villages. The authorities' plan was to send all civilians from these territories
to seaside villages. Many of the villagers, however, did not relocate to the
designated areas, but rather took refuge in nearby forests and caves. They
hid in those places because they feared the police and army, who were killing
without distinction anyone with suspected connections to the Labour Party or
any of the incidents.
These refuge caves were not just simple hideaways; some of them served
as temporary homes for families or even entire villages. In this paper I
examine three villages: Sehwa, Dongkwang, and Seonheul. The caves in these
three villages show commonalities though each has distinguishing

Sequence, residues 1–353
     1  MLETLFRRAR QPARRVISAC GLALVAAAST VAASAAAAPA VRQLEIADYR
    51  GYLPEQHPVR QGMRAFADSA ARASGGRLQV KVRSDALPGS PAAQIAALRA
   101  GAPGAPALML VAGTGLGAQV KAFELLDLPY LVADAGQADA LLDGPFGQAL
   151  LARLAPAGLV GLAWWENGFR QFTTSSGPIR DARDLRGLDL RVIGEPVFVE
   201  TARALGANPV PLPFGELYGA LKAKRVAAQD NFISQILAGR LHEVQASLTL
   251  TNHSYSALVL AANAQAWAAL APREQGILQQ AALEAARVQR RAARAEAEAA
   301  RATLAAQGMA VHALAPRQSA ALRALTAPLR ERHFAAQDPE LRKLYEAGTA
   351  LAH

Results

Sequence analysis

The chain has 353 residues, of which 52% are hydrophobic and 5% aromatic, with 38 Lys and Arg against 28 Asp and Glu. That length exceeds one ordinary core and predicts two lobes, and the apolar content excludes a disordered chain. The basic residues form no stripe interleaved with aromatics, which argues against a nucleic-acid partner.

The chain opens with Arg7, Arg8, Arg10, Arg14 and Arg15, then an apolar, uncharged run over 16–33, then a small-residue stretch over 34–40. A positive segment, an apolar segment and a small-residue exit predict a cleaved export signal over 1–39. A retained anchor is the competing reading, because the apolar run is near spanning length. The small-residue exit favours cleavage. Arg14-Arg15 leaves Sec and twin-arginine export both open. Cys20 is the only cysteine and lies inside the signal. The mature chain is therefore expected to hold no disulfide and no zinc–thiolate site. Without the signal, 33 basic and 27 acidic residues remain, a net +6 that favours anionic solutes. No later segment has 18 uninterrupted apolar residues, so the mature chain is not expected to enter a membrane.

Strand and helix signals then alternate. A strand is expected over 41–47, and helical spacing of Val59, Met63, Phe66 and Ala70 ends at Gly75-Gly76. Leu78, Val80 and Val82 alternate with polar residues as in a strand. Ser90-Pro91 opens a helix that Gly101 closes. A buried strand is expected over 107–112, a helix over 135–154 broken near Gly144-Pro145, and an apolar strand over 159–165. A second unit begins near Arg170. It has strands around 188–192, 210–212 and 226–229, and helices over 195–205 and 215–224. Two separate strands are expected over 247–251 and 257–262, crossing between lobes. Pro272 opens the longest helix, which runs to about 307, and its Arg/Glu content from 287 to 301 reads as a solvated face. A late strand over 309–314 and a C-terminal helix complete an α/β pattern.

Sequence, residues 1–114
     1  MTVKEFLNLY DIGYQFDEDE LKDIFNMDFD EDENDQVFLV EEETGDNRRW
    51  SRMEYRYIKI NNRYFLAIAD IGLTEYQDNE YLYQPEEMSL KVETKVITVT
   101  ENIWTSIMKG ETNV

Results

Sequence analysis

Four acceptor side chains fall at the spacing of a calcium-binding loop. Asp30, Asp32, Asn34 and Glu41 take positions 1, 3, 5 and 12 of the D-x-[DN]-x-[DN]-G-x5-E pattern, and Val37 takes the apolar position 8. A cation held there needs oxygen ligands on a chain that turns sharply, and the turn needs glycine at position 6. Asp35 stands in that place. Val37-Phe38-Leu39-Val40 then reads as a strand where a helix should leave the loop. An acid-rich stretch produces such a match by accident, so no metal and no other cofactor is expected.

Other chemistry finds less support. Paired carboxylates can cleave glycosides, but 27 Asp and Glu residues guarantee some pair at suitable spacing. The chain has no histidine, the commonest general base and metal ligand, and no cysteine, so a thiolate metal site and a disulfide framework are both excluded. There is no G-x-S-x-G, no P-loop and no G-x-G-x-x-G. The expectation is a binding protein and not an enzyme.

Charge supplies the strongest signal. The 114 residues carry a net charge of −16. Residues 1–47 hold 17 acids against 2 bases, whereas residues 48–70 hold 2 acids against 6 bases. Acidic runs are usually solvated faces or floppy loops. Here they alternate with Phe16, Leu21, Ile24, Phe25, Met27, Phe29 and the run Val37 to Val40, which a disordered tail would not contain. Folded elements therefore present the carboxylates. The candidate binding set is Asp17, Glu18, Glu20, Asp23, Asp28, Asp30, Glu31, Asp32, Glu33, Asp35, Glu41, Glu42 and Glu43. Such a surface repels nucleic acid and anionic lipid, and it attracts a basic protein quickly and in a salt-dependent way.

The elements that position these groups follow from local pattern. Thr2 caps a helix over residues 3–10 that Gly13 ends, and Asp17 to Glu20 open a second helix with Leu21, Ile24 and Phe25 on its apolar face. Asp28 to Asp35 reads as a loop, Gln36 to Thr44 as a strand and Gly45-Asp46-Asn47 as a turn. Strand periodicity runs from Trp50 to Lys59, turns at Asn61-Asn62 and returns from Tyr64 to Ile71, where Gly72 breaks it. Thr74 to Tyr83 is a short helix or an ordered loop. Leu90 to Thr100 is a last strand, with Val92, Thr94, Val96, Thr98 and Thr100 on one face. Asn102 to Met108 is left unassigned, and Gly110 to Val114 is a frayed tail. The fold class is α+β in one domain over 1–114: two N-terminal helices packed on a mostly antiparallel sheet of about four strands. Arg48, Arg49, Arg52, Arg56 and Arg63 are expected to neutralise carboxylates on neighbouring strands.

characteristics. Darangsi cave in Sehwa village hosted approximately 20
civilians from nearby Jongdal and Hado villages. Civilians hid in that cave for
almost a month after their villages were repeatedly attacked by guerrillas and
the authority forces, despite being seaside villages. In the case of Dongkwang
village, around 120 people hid for two months in a cave called Keunneolgwe
after their village (located in the mid-mountainous area) was burned down by
the army. Both in Darangshi and Keunneolgwe caves the residents tried to
maintain their old lifestyle by dividing the space according to their villages or
houses. People from different villages would live in separate places inside the
cave, and even spaces for kitchens or bathrooms were designated. These
refuge caves were usually hard to find and even harder to enter due to their
narrow entrances. Once inside, however, the space widened, allowing many
people to take refuge. The caves in Seonheul have similar features, but